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Authors: Elisabeth Hyde

In the Heart of the Canyon (3 page)

BOOK: In the Heart of the Canyon
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“And where’s the nearest emergency room?” the mother asked.

“Flagstaff.”

“Are there rattlesnakes down here?” asked Matthew, the brother.

“Yup. Don’t bother them and they won’t bother you.”

“Scorpions?”

“Yup. Shake your clothes out in the morning.”

“How about West Nile?” asked the boys’ father.

“Nope.”

“Lyme disease?”

“Nope.”

“Hantavirus?”

JT held up his hands. “Whoa. Let’s be positive, folks. You’re probably more likely to get in a car accident on the way to the grocery store than get bitten by a snake.”

“How hot does it get down here?” This came from a woman who looked to be in her early fifties, with a bowl-shaped haircut and no neck to speak of, what with her shirt buttoned up to her chin.

“And you are?”

“Evelyn.”

“Ain’t gonna lie, Evelyn. It gets pretty darn hot. And this trip’ll be no exception. One fourteen at Phantom yesterday, I heard. But there’s always the river for cooling off. Know what I say about the heat?”

The group waited.

JT raised an eyebrow. “If you’re hot, you’re stupid.”

“What are the water levels running at, if I may ask?” said Mitchell.

“Lows are twelve, thirteen,” said JT. “And for those of you unfamiliar with Bureau of Reclamation measurements, that means twelve thousand cubic feet of water are running past you every second. Highs are eighteen to twenty.”

“Why the variance?” Mark asked, and JT explained that the operators of the Glen Canyon Dam released more water at certain times to satisfy the power demands of Phoenix.

“Kind of like tides,” he said. “Not a big deal.”

“How’s the food?” Peter asked.

“Let me put it this way,” JT said. “This isn’t a weight-loss trip. We’ll feed you well. Speaking of which, I want to get in a few miles before lunch, so let’s get moving.”

He tucked the map into its waterproof sleeve and told the group to make sure their water bottles were full, their hats secured. In response to his directions, the group filed out of the shade into the hot, bright desert sun. Last in the group was the teenage girl. She’d been standing in the back, and he got another look at her and realized she wasn’t just big; she was huge. She was wearing an oversized green T-shirt from Jamba Juice, with gray athletic shorts that hung to the top of vast, dimpled knees. Her dark hair was parted in the middle and pulled back in a low, unflattering ponytail.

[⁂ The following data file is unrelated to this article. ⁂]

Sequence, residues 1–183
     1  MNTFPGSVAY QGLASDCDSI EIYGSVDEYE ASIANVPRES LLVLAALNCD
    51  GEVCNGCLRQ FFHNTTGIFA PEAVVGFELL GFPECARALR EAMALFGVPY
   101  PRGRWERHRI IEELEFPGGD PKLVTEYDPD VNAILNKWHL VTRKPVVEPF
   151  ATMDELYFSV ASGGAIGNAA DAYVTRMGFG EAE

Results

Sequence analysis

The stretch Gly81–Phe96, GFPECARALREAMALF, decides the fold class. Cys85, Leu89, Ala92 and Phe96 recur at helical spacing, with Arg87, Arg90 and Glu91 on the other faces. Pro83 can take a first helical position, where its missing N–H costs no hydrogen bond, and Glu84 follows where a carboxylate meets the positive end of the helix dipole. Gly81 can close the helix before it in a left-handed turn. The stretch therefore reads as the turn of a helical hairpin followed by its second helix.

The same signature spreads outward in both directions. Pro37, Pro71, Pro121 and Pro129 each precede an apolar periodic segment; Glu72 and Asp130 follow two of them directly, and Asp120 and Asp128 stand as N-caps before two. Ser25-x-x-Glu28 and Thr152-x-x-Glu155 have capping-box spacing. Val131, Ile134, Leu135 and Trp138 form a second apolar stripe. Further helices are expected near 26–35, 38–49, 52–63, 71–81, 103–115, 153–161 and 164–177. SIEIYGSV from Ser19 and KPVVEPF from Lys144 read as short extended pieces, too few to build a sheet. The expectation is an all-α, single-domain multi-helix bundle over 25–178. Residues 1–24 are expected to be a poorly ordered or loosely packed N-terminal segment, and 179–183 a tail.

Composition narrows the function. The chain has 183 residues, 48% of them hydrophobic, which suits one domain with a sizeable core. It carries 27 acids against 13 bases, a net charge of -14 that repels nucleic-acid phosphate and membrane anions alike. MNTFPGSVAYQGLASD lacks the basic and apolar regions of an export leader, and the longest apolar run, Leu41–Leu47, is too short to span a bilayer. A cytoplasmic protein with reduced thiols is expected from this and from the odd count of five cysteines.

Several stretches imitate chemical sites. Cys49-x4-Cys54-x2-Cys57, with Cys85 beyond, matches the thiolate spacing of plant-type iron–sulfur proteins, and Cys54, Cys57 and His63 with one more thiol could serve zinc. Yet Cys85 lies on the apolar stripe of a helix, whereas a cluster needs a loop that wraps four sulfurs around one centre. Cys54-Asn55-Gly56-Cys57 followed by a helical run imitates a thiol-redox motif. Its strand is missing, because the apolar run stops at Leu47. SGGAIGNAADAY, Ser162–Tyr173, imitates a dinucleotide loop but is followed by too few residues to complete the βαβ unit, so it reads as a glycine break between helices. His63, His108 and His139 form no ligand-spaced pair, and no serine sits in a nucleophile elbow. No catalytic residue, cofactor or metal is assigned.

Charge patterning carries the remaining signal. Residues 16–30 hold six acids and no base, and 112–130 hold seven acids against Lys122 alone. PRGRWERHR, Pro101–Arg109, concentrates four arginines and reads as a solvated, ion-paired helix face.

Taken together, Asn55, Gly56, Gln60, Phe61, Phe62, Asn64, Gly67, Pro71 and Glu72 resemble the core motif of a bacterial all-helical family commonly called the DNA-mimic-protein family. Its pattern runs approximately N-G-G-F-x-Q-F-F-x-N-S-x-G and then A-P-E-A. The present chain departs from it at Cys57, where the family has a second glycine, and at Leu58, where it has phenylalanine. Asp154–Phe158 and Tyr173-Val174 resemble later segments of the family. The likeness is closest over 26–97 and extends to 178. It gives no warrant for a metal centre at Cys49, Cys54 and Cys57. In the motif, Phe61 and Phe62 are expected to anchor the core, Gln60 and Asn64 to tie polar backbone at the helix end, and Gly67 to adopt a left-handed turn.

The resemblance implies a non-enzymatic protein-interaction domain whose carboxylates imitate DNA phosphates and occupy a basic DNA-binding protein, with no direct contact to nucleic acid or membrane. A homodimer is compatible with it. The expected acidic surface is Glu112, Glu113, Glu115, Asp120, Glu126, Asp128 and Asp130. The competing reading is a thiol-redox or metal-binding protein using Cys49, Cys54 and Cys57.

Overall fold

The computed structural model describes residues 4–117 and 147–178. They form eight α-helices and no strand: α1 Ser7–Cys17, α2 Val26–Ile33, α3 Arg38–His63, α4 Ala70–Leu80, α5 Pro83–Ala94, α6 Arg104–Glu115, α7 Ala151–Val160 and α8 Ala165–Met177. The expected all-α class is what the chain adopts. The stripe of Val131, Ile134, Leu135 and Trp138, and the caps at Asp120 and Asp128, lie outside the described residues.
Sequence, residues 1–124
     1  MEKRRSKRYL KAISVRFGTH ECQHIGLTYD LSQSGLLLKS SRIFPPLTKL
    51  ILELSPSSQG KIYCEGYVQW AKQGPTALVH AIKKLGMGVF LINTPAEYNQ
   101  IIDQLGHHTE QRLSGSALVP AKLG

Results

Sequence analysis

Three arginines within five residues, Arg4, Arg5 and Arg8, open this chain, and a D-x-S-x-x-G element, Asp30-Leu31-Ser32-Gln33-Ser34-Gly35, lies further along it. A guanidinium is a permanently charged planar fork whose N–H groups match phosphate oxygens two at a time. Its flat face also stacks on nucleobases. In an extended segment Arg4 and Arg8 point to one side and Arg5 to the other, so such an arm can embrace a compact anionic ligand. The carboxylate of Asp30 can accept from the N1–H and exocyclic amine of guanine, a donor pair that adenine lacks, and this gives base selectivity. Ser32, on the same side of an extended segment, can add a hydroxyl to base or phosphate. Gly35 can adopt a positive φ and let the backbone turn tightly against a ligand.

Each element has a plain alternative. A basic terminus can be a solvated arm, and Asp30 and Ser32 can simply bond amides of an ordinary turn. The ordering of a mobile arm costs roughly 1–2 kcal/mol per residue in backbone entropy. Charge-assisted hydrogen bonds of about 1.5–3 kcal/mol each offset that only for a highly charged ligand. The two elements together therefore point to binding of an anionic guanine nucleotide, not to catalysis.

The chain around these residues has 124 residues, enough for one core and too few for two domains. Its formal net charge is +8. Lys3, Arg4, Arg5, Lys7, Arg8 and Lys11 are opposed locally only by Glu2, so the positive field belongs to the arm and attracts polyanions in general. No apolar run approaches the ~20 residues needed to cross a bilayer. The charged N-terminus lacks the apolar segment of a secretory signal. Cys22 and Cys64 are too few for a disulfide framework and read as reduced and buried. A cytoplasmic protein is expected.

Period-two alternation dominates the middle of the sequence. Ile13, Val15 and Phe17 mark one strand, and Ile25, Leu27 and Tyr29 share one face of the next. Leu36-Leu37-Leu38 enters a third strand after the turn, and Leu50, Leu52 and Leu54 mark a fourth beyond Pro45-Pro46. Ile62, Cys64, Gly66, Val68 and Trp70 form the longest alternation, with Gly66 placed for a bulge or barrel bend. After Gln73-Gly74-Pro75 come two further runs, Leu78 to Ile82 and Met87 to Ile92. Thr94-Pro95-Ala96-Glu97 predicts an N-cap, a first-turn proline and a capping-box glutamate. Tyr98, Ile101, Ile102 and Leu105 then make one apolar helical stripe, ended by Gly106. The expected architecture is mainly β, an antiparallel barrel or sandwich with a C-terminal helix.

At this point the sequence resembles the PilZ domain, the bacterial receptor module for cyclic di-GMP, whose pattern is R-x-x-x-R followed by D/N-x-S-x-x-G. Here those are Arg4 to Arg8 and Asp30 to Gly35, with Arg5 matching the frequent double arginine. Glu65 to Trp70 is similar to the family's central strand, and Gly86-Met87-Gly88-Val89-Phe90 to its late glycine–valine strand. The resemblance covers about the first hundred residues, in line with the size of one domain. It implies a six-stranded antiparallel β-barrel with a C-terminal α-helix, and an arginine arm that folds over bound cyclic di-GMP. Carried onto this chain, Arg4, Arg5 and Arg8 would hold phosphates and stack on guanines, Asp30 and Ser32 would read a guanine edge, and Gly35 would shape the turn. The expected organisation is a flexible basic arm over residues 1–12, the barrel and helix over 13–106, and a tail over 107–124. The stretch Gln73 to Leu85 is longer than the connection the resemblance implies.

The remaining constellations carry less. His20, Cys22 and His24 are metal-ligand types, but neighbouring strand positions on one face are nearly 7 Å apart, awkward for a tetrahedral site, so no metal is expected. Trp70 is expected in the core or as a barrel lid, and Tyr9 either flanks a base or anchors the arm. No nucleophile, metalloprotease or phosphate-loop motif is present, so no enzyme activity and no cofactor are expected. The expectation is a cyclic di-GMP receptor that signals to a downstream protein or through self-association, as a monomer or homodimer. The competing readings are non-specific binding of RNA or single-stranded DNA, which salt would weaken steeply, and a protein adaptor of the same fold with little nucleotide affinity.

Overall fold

She hesitated, and JT noticed that her life jacket didn’t buckle at the bottom.

“Let me adjust that for you,” he said cheerfully.

Shyly she held her arms out and glanced to the side as JT tugged at the straps to free up a few more inches. Still the bottom buckle wouldn’t clip. He checked to make sure the jacket was a size large. It was. He worked at the straps some more, and by squeezing tightly, he finally managed to clip the buckle shut. The girl winced.

“Too tight?” he asked, glancing up.

She wrinkled her nose.

JT frowned. “Well, you really need to have it buckled,” he said. “Park regs. Put your arms down and lets see.”

She lowered her arms. As soon as she inhaled, the buckle popped open. Instantly tears filled her eyes.

JT scratched the back of his neck. Regulations were regulations. If anything happened to her, it would be his fault. “What’s your name?”

“Amy.”

“Hey, Amy. Some of these life jackets have a little more give to them. We’ll find you another one.” He led her back to the pile, and they picked through the life jackets until they found one that buckled. Her arms stuck out cartoonishly, like penguin wings.